text "HI, MR JEF!" Id. The "Practice
Areas" page was blank. Id. The
"Attorneys" page listed two lawyers with no
connection to McAllister Olivarius. See Id.; see
also Id. at p.6 ¶ 16. This page also displayed
the following text: "When you experience an injury,
everything can change - we know that at Wilson & Doyle.
With more than a century of combined experience litigating on
our clients' behalf, you can focus on recovering, instead
of finding yourself overwhelmed and worried about your court
case." Id. at Ex. B. The Contact page included
a form for visitors to send a message. Id. at p.6
1, 2016, in response to one of plaintiff's written
demands for payment, Mermel threatened to populate the
website with select documents that, Mermel claimed,
"would cast Plaintiff and its principals in a negative
light with 'other potential clients' and
“cripple if not close' its business."
Id. at p.7 ¶ 17. Mermel then offered to forego
this plan if "both parties would simply 'walk
away' from the unpaid balance, or, alternatively,
plaintiff [substantially] reduced its balance."
Id. at p.7 ¶ 18.
27, 2017, McAllister Olivarius sought leave to amend its
original complaint in New Haven County Superior Court to add
an anticybersquatting claim. Id. at p.7 ¶ 19.
Mermel subsequently removed the website from the internet.
Id. at p.7 ¶ 20. On July 24, 2017, plaintiff
sought leave to file a second amended complaint, adding an
intentional spoliation of evidence claim. Id. at p.7
¶ 21. Mermel opposed. Id. at p.7 ¶ 22. The
New Haven County Superior Court denied plaintiff's
request on September 25, 2017, ruling that plaintiff's
new claims were insufficiently related to its debt collection
claims to warrant joinder in that action. Id. at p.7
¶ 22. Plaintiff brought the instant action on December
20, 2017. See ECF No. 1.
pro se, now moves to dismiss plaintiff's complaint for
lack of subject matter jurisdiction and failure to state a
claim. See ECF No. 8. When, as here, a party proceeds pro se,
a court must liberally construe the party's briefs,
"reading such submissions¶to raise the
strongest arguments they suggest.'" Bertin v.
United States, 478 F.3d 489, 491 (2d Cir. 2007) (quoting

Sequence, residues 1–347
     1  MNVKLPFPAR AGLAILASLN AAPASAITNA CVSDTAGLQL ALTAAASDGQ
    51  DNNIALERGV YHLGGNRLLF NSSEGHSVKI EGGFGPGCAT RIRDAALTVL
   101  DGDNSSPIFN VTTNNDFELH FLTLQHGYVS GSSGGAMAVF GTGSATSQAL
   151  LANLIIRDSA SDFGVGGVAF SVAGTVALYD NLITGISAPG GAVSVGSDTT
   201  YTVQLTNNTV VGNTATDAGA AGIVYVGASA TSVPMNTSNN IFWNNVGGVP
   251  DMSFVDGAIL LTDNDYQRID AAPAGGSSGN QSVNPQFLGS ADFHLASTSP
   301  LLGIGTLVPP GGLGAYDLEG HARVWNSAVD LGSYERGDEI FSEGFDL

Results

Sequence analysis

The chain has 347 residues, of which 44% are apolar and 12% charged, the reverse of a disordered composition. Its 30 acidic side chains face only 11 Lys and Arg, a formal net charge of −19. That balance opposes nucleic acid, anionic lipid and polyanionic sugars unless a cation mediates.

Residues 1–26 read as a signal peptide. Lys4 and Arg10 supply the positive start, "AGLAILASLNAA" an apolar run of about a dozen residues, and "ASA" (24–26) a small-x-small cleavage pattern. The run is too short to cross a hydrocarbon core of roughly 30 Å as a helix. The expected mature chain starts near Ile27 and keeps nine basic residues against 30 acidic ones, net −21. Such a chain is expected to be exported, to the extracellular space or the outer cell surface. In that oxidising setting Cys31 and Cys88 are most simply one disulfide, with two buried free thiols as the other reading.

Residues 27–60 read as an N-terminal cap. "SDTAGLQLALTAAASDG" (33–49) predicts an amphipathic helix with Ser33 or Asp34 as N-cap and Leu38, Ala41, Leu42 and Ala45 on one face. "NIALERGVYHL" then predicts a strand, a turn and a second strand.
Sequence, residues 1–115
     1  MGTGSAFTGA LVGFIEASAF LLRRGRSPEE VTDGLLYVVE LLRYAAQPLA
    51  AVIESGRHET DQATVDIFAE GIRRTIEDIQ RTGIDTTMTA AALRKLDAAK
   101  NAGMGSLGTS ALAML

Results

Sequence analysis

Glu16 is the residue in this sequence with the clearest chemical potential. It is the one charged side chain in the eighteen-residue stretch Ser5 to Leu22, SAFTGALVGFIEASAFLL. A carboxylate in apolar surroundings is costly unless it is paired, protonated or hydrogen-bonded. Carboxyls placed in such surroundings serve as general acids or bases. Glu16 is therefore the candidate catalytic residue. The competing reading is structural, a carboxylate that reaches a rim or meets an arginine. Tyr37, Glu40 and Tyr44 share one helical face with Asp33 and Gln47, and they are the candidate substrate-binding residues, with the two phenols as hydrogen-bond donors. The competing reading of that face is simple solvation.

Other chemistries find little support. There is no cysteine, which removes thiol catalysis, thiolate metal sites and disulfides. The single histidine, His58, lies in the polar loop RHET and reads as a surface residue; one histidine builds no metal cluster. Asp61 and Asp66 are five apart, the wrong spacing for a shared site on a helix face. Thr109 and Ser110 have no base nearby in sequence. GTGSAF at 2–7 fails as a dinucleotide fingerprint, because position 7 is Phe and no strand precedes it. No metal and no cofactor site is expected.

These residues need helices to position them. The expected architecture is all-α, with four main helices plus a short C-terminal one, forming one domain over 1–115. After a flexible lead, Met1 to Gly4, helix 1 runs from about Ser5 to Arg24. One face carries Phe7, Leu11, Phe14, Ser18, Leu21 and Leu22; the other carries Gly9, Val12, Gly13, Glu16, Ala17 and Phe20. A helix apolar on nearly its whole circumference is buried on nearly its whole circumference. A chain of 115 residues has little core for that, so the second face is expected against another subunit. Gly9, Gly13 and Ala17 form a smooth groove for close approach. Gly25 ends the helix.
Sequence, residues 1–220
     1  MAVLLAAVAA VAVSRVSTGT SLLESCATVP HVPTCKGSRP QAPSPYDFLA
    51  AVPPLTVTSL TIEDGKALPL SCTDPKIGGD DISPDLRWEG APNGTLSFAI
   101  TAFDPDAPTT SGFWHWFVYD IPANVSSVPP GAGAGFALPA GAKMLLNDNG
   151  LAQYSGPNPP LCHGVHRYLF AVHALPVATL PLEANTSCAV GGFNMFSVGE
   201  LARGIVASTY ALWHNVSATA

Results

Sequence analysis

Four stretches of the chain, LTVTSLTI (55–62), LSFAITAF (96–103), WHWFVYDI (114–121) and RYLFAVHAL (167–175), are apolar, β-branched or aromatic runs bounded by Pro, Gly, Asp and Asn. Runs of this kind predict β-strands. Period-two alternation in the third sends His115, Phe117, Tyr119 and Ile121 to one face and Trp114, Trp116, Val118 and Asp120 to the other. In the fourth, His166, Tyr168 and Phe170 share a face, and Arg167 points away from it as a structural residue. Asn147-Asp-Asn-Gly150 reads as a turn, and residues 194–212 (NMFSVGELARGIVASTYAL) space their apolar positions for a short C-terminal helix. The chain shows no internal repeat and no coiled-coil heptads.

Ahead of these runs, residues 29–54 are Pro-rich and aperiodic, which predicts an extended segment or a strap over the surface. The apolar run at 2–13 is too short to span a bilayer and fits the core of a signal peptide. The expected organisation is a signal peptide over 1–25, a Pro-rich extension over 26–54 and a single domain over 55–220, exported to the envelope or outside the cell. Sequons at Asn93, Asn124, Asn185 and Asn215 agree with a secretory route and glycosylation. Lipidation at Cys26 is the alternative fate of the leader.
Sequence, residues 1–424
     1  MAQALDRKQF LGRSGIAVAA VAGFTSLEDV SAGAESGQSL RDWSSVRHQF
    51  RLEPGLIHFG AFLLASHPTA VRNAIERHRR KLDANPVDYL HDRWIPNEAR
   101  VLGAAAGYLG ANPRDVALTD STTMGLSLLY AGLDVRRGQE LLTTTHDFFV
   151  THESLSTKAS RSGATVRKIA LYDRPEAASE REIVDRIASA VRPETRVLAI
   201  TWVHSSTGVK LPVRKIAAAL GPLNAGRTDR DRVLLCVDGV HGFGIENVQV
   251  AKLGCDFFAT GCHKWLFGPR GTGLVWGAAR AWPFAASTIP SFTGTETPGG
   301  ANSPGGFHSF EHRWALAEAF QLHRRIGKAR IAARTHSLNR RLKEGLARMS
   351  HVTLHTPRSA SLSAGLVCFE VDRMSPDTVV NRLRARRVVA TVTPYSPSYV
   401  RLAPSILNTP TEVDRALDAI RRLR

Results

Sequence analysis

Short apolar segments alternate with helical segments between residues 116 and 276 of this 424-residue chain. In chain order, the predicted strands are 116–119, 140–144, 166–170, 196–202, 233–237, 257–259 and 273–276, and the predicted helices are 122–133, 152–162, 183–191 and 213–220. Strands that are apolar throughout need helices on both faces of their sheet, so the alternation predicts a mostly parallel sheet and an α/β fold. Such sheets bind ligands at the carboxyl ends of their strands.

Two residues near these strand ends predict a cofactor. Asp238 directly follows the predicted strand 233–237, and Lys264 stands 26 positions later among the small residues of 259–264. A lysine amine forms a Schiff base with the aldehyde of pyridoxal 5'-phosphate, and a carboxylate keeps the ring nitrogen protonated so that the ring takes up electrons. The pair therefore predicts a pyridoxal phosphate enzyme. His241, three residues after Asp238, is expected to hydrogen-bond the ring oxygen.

Burgos v. Hopkins, 14 F.3d 787, 790 (2d Cir. 1994)).
"The policy of liberally construing pro se submissions
is driven by the understanding that [i]mplicit in the right
to self-representation is an obligation on the part of the
court to make reasonable allowances to protect pro se
litigants from inadvertent forfeiture of important rights
because of their lack of legal training.'" Abbas
v. Dixon, 480 F.3d 636, 639 (2d Cir. 2007). Although one
suspects that these principles were formulated for the
benefit of persons less educated than Mr. Mermel, they
nevertheless fully apply here.
Subject Matter Jurisdiction
motion to dismiss for lack of subject matter jurisdiction
under Federal Rule of Civil Procedure 12(b)(1) can be granted
"when the court lacks the statutory or constitutional
power to adjudicate the case." Nowak v. Ironworkers
Local 6 Pension Fund, 81 F.3d 1182, 1187 (2d Cir. 1996).
In reviewing a 12(b)(1) motion, the Court must
""accept as true all factual allegations in the
complaint and draw all reasonable inferences in the
Plaintiff's favor." See Merritt v. Shuttle,
Inc., 245 F.3d 182, 186 (2d Cir. 2001). Defendant's
arguments for dismissing under Rule 12(b)(1), even generously
construed, are entirely without merit. Mermel first argues
that this action is procedurally improper because McAllister
Olivarius is the plaintiff and only defendants are entitled
to removal under 28 U.S.C. §§ 1441. See 28 U.S.C.
§ 1441(a) ("[A]ny civil action brought in a State
court of which the district courts of the United States have
original jurisdiction, may be removed by the defendant or
defendants, to the district court of the United States for
the district and division embracing the place where such
action is pending."). However, this case does not
involve removal. Granted, plaintiff sought to bring this
claim in state court, but its request for leave to amend its
complaint to include this cybersquatting claim was denied by